Minority Community Members Termed Terrorists For Questioning Modi Govt: Activist’s Wife
Susan alleged that the government was indulging in "double standards".
The wife of human rights activist Vernon Gonsalves, arrested by the Pune police for suspected Maoist links, on Thursday claimed that the BJP-led government is labelling persons from minority community as “terrorists”, if they call the Modi government “communal”.
“If any person from the minority community merely says that the Modi government is communal, he is labelled a terrorist,” Susan Abraham, who is a lawyer, told PTI.
The Pune police had on Tuesday raided the homes of prominent Left-wing activists in several states and arrested five, including Gonsalves, as part of a probe into the violence at Koregaon-Bhima village near Pune after an event called Elgar Parishad, or conclave, on December 31 last year.
They police brought Gonsalves to his house in suburban Andheri today, a day after the Supreme Court ordered that the activists be kept under house arrest at their homes till September 6.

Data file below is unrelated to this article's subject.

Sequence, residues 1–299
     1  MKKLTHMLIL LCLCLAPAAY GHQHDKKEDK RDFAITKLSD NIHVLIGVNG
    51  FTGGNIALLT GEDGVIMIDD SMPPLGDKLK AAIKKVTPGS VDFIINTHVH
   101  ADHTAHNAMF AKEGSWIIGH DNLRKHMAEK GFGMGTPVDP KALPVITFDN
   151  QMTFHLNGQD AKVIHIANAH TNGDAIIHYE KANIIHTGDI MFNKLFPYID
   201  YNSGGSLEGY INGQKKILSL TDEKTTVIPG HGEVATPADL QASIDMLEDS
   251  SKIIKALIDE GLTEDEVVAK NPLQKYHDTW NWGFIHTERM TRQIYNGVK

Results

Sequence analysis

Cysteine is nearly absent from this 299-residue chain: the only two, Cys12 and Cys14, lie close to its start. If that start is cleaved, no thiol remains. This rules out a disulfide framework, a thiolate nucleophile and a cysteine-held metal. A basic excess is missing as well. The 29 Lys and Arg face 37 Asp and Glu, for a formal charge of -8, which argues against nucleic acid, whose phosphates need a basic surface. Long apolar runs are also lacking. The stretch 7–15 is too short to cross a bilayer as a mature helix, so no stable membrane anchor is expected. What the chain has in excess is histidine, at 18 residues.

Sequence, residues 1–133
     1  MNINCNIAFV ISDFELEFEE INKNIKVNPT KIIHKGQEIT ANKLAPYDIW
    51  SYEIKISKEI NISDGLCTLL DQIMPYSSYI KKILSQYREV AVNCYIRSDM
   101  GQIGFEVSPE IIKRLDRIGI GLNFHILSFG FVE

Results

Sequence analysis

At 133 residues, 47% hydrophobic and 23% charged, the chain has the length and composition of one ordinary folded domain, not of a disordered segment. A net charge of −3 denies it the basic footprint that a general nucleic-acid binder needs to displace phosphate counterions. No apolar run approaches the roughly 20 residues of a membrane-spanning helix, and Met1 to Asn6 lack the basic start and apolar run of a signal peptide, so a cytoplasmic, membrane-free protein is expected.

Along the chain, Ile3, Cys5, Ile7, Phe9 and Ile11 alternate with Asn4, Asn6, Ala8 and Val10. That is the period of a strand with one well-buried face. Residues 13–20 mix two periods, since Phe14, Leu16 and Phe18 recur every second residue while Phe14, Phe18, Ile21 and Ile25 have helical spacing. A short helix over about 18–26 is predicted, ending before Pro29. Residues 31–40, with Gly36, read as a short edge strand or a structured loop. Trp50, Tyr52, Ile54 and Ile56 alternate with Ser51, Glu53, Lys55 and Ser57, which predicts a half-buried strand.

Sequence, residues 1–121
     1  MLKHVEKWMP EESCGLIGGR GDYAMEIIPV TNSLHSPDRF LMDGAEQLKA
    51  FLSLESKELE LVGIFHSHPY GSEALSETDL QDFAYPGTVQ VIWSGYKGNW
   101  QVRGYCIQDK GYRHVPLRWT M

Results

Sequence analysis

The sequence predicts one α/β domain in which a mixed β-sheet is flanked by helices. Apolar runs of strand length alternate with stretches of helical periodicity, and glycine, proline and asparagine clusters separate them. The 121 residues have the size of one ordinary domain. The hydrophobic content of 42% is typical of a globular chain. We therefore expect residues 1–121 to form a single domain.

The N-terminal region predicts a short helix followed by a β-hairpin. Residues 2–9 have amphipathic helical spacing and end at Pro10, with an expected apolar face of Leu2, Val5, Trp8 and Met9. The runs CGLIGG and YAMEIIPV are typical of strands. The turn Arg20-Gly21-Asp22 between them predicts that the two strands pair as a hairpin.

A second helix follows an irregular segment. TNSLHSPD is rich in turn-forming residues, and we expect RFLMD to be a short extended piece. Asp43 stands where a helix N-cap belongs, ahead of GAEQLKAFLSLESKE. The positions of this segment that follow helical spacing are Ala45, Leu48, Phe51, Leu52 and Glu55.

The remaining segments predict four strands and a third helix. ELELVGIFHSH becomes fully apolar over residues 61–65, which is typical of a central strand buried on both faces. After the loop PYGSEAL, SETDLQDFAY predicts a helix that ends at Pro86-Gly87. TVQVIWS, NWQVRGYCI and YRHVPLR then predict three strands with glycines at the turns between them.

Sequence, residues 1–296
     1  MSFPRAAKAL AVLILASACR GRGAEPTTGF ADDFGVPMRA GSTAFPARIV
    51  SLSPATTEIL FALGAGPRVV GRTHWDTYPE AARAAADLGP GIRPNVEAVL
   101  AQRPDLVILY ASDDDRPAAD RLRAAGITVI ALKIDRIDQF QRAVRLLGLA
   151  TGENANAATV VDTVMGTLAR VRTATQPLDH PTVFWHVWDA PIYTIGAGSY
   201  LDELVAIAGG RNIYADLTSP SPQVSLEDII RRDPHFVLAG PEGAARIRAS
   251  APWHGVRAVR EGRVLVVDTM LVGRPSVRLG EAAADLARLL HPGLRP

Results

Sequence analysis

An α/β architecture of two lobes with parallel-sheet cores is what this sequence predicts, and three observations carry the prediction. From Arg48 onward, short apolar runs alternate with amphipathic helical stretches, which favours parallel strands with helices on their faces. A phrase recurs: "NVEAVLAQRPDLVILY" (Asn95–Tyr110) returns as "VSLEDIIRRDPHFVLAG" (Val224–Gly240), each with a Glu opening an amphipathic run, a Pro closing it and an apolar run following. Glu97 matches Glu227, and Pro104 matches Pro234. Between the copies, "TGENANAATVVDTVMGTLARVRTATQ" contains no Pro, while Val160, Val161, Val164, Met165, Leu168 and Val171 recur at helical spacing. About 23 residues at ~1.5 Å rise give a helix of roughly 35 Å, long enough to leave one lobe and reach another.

Susan alleged that the government was indulging in “double standards”.
“There is a growing demand for strict action against right-wing Sanatan Sanstha for actual unlawful and terror activities but the government refuses to label it as a terror outfit,” she said.
She questioned the arrest of Sudha Bharadwaj and Gautam Navlakha, along with her husband. “What is the connection of Bharadwaj and Navlakha to Koregaon-Bhima incident,” she said.
“My husband told police that they arrested him illegally based on fabricated charges. Police know very well that he has no connection with the Koregaon-Bhima violence,” she said.
Gonsalves’ son Sagar said it was “bizarre” to see that books easily available in a public library and in public domain were used as “evidence” to arrest his father.
“When the Pune police team raided our home, it was bizarre to see them going through these books. These were books you can see anywhere in public domain,” he said.
“They were picking out books which mentioned Maoist and naxal names or something related to revolution. They were later kept aside, while a police officer took some books. Those books were later packed and kept as evidence,” he said.
“Some of the books police searched belonged to me,” Sagar said.
Asked if his father was fine after the ordeal, Sagar said, “He is fine. But it hurts to see him undergo such hardship.”
Susan said her husband has health issues and his blood pressure had shot up before being taken to Pune on Tuesday.
“This (spike in blood pressure) was alarming even for the police and he had to be admitted to a hospital in Andheri before being taken away to Pune,” she said.